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« on: January 11, 2005, 09:12:30 AM »


The idea is to use iPods as a way to both collect and disseminate information. Students are encouraged to record class lectures and other interactions (such as language practice) and share information among themselves.

Likewise, some instructors are recording lectures and offering downloads from their class Web sites, while others are supplementing visual material, such as handouts, with audio, including music, speeches and other contextual material.

Duke isn't the only school to adopt iPods. Brearley School, a private school for girls in New York City, has made the iPod a requirement for all kids in grades 7 to 12. Brearley School is using the iPods principally for foreign-language and similar courses, but the devices have taken on a cool factor independent of school work.

I found the above as part of an article in a Japanese news site The Daily Yomiuri here:


Apparently 3rd parties are even installing versions of Linux on thie iPods!

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« Reply #1 on: January 26, 2005, 10:19:40 PM »

More than this, pod-casting is fast emerging as a new democratic form of broadcasting requiring no more than a copy of i-tunes, an i-pod and some free software available at http://www.ipodder.org/. I wonder have kids discovered this medium yet  - another great way to share pointless assignments and get on with the really interesting stuff?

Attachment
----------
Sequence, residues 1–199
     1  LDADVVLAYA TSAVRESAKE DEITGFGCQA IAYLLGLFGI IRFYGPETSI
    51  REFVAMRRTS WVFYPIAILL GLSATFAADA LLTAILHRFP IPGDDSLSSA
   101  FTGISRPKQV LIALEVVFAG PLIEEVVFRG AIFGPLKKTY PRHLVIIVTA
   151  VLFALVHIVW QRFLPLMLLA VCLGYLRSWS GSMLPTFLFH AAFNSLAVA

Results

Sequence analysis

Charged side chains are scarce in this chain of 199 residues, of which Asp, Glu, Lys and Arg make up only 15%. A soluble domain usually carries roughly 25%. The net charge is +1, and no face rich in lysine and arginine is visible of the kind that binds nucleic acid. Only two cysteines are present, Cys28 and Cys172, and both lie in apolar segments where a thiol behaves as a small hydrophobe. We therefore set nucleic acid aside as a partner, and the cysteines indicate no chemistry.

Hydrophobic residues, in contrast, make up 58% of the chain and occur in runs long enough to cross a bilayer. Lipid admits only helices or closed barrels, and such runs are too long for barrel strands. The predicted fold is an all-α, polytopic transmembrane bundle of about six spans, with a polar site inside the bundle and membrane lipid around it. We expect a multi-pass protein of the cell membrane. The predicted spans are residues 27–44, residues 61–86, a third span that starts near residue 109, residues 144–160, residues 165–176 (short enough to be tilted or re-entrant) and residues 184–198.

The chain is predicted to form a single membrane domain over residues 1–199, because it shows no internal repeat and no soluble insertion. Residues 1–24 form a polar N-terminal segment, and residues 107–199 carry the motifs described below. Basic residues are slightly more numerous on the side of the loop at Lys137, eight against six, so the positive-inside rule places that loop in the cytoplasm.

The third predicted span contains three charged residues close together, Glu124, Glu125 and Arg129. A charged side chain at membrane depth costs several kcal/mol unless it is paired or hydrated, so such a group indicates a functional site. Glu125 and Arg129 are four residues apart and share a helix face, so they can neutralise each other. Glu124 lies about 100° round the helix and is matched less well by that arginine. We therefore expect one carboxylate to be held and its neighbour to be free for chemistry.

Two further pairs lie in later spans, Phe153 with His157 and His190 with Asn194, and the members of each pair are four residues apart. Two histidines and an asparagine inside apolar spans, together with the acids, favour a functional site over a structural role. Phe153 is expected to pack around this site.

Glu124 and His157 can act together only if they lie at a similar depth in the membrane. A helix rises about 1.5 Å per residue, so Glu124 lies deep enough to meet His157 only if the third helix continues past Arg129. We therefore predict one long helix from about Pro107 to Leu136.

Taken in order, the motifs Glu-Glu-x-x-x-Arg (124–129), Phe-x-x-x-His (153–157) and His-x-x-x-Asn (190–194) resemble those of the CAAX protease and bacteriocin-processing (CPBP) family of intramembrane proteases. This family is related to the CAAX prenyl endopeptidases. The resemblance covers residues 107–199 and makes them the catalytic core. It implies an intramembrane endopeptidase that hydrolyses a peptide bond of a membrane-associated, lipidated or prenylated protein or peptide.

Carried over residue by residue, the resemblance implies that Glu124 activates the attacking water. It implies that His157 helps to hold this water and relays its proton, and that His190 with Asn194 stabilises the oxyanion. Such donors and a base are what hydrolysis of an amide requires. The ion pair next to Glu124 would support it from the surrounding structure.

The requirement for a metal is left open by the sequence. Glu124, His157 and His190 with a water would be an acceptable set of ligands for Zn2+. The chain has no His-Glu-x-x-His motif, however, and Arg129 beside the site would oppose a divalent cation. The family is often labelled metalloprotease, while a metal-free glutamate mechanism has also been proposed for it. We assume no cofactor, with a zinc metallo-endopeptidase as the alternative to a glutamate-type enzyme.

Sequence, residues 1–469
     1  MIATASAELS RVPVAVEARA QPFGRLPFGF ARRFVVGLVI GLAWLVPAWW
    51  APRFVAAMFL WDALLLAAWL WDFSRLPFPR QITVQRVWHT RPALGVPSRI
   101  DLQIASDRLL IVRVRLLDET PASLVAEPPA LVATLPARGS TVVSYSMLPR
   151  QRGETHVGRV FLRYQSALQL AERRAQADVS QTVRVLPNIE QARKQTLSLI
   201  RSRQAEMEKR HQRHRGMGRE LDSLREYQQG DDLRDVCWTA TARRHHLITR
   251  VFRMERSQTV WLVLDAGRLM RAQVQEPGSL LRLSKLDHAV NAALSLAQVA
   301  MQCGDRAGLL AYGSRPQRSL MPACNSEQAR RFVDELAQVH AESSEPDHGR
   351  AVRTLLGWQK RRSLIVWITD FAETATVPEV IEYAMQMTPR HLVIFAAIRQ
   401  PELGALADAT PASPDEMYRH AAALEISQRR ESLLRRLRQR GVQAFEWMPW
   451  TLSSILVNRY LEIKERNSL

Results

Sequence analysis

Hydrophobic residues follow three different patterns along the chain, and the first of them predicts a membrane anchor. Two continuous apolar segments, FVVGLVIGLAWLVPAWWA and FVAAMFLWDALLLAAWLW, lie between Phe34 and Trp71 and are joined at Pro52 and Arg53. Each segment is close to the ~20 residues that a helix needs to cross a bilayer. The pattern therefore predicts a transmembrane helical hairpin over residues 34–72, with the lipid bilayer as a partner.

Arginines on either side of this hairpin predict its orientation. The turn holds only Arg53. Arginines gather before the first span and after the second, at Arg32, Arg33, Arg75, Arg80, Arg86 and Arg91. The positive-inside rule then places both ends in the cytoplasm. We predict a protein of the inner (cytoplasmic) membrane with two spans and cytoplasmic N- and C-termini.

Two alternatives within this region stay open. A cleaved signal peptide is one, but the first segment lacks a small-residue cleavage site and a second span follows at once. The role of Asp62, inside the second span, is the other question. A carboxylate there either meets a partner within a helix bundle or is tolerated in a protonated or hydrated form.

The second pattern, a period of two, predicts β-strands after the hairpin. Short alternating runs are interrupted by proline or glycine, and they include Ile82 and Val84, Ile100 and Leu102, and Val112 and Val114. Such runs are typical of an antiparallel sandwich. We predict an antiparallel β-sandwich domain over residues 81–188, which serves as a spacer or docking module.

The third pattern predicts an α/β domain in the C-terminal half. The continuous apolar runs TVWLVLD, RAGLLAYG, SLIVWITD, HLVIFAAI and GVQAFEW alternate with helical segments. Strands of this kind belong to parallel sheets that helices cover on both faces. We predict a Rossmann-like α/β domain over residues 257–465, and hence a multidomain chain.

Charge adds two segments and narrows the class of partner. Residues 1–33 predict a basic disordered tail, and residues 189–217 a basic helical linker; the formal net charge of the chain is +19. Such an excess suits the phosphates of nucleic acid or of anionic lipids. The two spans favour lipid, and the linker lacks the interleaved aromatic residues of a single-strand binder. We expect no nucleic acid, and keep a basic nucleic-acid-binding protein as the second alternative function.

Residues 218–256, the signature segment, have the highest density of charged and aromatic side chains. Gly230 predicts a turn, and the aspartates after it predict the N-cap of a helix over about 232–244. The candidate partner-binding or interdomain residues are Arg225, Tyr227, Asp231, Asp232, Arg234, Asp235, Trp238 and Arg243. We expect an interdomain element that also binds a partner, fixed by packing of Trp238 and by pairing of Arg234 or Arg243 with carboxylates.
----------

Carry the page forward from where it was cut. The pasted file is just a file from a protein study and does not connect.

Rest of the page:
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Jim Hirsch

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« Reply #2 on: May 06, 2005, 03:49:14 PM »

Linux has become almost a standard for our students who carry iPods.  Podcasting though, has not really caught on, but then again, the use of audio on our web sites has not really caught on either.  The students are always after as much function as they can get from their devices.  I think video will be a big thing for students to want to "carry" - will be interesting to see that evolution on the various handhelds.
Mark van 't Hooft
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« Reply #3 on: May 09, 2006, 05:00:14 PM »

Here is one way in which kids are actually creating some meaningful and interesting content:


Learn about places from the kids who live there.
Our City Podcast is an audio program for kids and by kids. Students from around the globe are invited to submit a recording all about the city they live in (with the help of their teachers or parents).

The site includes podcasts and is linked to a frappr map that shows where the podcasts are coming from.


Mark van 't Hooft
Researcher/Tech Specialist
Kent State University
Research Center for Educational Technology
Kent, OH
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